Who is responsible for training new staff in company processes?

Do induction and other training plans include quality assurance at all stages of employment? For example, QMS involvement in new contracts, revised contracts, revised processes, revised industrial and quality management standards?

Are authorised and responsible personnel in the company (e.g., engineers, drawing office, purchasing) prepared for the sudden advent of formal QMS requirements arising from new contracts and amendments to contracts?Despite

Is the organisation up-to-date with verification of the QMS including
• allowing for ISO9001:2015 and AS9100D
• sufficient root cause analysis for nonconformances
• supply chain verification especially for counterfeit and otherwise suspect parts?

 

 

 

 

Posted by & filed under AS9100, ISO9001:2015.

Early identification of customer- implied special requirements or potentially critical items:

provides design engineering with valuable information which they can use for design implementation and design history.

provides management with acceptance rationale for those requirements or items,

identifies the means by which emerging risks can be controlled and mitigated,

enables critical design features, tests, inspection points to be identified,

flags the need for procedures to be implemented to minimize the probability of product escape where requirements have been met but the product fails at First Article Inspection, so preventing failure of a product, mission or loss of life.

A vigilant review of design history with each new contract can help to avoid or eliminate design and production errors. A scheduled review of current contracts will eliminate the need to recover lost resources where changes have occurred in customer requirements.

 

 

 

 

 

Posted by & filed under CERTIFICATION BODIES.

Certification Bodies (CBs) are currently the focus of dissatisfaction in some LinkedIn groups.Many of the comments express disappointment (to put it mildly) at what they consider is the lack of thorough audits by some assessors.

It’s worth noting that there is a rigorous review of reports submitted by assessors to their CBs and onward to the relevant Standards Board. It is also worth noting that some Standards Boards  are returning reports to CBs as unacceptable where the Boards consider that nonconformances are closed out with insufficient root cause analysis.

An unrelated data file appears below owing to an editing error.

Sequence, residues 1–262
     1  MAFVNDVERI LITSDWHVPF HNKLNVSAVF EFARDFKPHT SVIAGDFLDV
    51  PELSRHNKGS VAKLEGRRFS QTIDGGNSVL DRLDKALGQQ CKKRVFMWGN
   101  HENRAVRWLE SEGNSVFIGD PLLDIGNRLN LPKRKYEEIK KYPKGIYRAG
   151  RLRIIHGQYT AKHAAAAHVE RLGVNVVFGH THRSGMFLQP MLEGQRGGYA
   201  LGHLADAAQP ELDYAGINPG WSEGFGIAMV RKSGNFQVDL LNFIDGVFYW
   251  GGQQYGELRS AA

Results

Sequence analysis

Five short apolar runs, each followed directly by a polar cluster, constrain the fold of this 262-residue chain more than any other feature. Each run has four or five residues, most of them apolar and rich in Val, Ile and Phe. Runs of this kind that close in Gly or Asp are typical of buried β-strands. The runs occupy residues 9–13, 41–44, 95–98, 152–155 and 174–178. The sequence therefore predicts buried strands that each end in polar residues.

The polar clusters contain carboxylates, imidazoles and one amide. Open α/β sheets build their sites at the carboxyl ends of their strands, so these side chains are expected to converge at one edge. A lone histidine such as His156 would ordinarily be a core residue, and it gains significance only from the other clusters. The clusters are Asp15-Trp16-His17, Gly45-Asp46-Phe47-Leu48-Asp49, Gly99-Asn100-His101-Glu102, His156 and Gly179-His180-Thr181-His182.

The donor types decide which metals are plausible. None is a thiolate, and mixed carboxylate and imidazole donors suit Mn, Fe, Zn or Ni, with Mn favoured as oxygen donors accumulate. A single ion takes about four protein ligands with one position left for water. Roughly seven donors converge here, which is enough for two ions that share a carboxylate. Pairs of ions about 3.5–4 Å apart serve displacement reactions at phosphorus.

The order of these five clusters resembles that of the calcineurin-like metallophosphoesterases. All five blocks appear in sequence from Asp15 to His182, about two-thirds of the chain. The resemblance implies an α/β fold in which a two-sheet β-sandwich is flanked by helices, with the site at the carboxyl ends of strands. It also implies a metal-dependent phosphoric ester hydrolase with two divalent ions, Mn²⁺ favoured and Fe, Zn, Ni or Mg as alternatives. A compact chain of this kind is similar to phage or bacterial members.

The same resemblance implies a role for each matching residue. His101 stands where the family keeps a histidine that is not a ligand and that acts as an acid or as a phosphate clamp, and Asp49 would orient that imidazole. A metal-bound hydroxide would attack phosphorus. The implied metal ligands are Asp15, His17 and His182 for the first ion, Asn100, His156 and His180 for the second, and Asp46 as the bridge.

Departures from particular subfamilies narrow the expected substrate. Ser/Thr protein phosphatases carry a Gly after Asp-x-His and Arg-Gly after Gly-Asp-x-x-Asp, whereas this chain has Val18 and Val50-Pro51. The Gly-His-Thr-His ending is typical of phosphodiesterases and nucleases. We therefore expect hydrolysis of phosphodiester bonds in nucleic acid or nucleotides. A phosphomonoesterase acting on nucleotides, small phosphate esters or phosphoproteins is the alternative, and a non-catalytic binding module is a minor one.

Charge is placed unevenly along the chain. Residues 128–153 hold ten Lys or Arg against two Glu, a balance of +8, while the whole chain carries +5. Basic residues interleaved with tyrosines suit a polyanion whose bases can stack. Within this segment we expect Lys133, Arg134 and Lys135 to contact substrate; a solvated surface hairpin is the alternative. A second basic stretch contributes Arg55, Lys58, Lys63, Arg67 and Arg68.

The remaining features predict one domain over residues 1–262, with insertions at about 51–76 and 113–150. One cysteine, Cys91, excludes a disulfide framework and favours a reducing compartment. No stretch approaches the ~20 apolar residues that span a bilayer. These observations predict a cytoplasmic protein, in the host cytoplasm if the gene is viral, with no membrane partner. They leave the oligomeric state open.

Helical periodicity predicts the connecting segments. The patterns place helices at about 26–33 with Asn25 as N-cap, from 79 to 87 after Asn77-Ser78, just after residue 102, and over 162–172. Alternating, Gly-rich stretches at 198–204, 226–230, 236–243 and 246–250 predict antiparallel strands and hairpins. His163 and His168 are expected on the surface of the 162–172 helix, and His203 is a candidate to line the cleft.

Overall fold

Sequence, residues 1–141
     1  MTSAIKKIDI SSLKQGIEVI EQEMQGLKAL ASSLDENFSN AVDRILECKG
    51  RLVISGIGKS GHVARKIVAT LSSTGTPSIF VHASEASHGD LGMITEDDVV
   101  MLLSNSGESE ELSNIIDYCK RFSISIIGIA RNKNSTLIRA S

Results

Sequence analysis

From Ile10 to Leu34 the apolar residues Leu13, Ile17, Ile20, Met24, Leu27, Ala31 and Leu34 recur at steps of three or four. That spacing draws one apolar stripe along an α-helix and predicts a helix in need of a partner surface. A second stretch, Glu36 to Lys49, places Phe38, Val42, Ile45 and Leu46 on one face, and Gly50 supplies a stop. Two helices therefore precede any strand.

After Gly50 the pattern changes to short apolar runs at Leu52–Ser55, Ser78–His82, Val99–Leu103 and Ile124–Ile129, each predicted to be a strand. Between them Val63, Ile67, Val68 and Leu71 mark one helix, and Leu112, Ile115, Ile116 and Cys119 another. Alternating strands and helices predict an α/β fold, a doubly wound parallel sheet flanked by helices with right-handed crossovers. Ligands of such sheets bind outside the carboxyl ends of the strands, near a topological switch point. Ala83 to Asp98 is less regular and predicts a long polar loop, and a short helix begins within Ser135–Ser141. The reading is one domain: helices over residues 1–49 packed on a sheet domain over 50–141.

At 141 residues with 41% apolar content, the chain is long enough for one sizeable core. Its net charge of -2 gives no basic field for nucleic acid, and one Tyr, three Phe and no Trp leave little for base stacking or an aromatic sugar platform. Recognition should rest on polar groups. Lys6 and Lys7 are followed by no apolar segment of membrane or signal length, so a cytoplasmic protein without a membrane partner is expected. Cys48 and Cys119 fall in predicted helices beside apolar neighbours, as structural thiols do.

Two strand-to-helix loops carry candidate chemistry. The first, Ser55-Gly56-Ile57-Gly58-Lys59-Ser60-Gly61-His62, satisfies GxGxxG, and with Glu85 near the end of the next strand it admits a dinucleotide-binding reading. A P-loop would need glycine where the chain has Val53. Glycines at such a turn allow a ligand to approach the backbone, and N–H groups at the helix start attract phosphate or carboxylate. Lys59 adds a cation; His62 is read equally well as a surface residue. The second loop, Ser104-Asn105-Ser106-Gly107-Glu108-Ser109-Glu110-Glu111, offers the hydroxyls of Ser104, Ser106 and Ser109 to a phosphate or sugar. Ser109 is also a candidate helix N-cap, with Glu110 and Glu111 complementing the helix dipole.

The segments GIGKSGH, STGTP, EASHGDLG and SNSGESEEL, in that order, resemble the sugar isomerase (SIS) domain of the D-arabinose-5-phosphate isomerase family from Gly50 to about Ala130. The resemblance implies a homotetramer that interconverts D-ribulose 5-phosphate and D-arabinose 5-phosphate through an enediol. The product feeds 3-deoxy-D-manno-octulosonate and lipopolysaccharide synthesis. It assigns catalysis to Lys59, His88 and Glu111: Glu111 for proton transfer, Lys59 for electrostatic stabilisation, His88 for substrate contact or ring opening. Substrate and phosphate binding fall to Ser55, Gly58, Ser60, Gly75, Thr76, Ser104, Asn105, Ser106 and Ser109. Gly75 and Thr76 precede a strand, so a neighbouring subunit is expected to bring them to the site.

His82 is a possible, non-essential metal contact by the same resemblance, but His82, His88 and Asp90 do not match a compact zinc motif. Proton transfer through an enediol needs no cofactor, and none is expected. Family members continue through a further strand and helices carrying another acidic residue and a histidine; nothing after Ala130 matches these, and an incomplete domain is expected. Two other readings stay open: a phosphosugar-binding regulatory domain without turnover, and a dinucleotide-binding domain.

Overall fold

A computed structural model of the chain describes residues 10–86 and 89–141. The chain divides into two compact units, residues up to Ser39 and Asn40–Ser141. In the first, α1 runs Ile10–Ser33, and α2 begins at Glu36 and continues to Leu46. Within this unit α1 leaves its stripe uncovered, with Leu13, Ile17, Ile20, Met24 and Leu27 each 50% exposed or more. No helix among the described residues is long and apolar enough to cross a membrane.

I suggest that this threat alone would compel any assessor to govern himself or herself accordingly during assessment and when preparing the recommendation report. Consider the embarrassment of having to go back to the client with a rejected report on these grounds, not to mention the expense incurred from extra time on site and lost time to the client. Imagine the chagrin and disappointment where a client has to submit to more investigation when they have just finished popping the champagne corks.

As a quality management consultant of many years experience I have certainly had my share of what I considered to be unacceptably inattentive certification assessment. I recall one assessor from a well-known prestigious CB who sat in the MDs office for the entire assessment and even issued a favourable report. I complained to the CB through the formal process and was clear where I believed the assessor had failed my client.
I have CBs on file with which I have worked and know they will be rigorous and fair. From three of these, I discuss the terms with my client and we choose one which most closely meets our requirements:such as knowledge of the product or service, fees, preassessment visits, time needed on site.

We naturally expect that all the hard work we have done for months before the assessment will be assessed rigorously.   Beyond a careful choice of CB, however, we have to rely on the integrity of the CB, their certified assessors and the reporting process to the Standards Boards.